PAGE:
When you’re on vacation do you think about work? Not thoughts of dread, worry or angst but reflection, planning and problem solving. I just did. Last Sunday I awoke in Seattle to freezing temps and a dusting of snow. By midday I was building a sandcastle on Ka’anapali Beach, Maui in 79 degree sunshine. If that’s not getting away from it all, I don’t know what is.
Yet my mind wasn’t really away. In fact, I thought about work all the time. Given that software was everywhere I looked, it’s not hard to see why. My entire trip was booked online, even the taxi to the airport. Not a single person besides myself took part in the process. Just me … and a load of software.
The taxi cab itself contained software, as did the airplane. The baggage carousel, the espresso machine, the car rental counter (no person there, just a self serve terminal) and even the surveillance camera that watched my son juggle his soccer ball while I packed our bags in the trunk. All alone, except for the software. Even the frozen concoction machine had software that helped it maintain the right temperature. (It broke, incidentally, making me thankful that I am a beer drinker.)
Is it possible for anyone in this field to really get away from it all? (Don’t get me started on the motion sensors that control the air conditioning in the hotel room. I’m all for turning them off when they are not in use, but apparently sitting still and being cool was not one of their end-to-end scenarios.)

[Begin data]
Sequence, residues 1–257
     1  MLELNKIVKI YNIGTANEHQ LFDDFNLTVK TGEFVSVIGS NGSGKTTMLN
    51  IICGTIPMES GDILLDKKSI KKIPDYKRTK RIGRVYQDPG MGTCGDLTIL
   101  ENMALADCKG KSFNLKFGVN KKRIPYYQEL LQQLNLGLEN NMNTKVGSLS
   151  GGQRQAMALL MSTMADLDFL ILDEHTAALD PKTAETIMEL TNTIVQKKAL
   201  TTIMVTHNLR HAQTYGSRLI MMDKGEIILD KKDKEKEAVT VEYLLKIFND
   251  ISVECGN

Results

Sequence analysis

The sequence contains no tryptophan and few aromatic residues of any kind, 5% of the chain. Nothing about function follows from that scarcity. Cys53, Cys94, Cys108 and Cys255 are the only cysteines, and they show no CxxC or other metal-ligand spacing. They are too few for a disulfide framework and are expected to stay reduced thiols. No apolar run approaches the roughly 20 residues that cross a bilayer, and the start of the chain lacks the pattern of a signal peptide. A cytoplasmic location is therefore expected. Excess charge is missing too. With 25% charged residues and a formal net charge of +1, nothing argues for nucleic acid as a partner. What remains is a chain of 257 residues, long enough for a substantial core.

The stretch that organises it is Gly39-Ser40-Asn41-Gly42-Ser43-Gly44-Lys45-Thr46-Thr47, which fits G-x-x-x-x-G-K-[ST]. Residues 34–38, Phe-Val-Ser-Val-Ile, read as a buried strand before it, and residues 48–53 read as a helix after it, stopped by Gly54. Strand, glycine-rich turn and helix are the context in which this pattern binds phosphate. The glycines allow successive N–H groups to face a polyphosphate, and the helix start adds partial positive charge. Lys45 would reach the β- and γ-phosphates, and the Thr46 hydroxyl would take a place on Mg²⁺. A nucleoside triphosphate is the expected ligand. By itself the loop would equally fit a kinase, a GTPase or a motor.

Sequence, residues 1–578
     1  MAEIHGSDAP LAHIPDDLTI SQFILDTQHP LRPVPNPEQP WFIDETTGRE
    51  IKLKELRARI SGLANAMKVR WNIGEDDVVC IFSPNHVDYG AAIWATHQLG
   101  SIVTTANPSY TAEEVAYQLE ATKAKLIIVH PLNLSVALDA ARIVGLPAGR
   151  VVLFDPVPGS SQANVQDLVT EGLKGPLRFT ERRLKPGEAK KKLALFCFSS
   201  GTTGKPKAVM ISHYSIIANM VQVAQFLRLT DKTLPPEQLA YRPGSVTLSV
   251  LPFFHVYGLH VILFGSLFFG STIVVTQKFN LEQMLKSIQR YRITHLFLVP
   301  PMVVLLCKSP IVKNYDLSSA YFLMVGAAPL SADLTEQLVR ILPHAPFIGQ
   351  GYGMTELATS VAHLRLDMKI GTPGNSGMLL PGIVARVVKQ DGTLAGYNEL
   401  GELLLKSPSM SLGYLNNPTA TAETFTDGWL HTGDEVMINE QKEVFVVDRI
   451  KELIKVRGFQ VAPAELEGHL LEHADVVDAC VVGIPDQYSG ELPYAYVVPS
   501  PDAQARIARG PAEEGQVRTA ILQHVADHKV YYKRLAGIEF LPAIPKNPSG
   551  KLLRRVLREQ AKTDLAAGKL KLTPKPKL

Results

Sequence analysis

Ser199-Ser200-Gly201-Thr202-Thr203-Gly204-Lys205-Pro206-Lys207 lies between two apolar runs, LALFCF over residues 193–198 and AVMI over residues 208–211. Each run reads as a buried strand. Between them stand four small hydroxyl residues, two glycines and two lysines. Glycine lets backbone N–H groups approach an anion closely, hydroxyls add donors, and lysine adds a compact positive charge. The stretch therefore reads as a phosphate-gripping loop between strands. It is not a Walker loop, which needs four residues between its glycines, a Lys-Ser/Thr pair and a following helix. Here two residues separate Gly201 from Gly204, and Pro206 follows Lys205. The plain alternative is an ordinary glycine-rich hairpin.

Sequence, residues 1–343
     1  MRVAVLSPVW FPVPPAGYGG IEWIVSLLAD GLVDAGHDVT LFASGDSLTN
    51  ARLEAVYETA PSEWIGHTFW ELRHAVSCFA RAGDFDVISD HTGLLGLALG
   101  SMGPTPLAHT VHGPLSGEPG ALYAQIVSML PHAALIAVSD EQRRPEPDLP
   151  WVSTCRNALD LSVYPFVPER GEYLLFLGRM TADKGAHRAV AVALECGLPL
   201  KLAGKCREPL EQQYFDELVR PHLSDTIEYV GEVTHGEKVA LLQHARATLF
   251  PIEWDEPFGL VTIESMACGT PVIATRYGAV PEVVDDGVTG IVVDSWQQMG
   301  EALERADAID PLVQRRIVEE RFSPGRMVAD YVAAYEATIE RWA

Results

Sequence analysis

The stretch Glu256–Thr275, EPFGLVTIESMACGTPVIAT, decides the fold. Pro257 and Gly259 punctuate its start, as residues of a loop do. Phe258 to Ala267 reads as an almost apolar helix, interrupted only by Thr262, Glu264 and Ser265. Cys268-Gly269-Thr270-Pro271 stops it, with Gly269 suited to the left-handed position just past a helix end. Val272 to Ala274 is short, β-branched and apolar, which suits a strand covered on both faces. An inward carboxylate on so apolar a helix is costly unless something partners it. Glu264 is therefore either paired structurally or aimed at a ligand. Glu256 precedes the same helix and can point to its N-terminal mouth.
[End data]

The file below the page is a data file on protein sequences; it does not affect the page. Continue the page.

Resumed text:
The truth of the matter is that getting away from it all just isn’t necessary for me. I like seeing software in action and I enjoy brooding over problems of testing it. Vacations free my mind from the daily grind and leave my mind to question things that back home I might overlook. Does this make me work obsessed or just indicate that I really like what I do?
Vacations have always been like this for me. When I was a professor, two students who led my research lab, Ibrahim El-Far and Scott Chase, actually avoided me when I returned from a trip, afraid of the work my new insights would bring. They never quite managed to successfully do so.
Which brings me back to the motion sensor in my room. The problem isn’t so much a poor tester, rather poor testing guidance. The sensor does exactly what it is designed to do and testing it based on those requirements got me in the sit-and-sweat loop. The problem is that no one thought to give it a field try … what I call ‘day in the life’ testing. Had the tester thought to take the sensor through a 24 hour cycle of usage they would have identified that problematic ten hour period (yes, ten, it’s a vacation after all) when motion is low and the desire to be cool is high. But what tool gives such guidance? Modern tools help testers in many ways, but helping them think of good test scenarios isn’t one of them. They help us organize, automate, regress and so forth, but do they really help us to test?
That’s the tool I want. Tomorrow, when I return, I am going to direct someone to build it for me. Ibrahim and Scott, you are off the hook this time.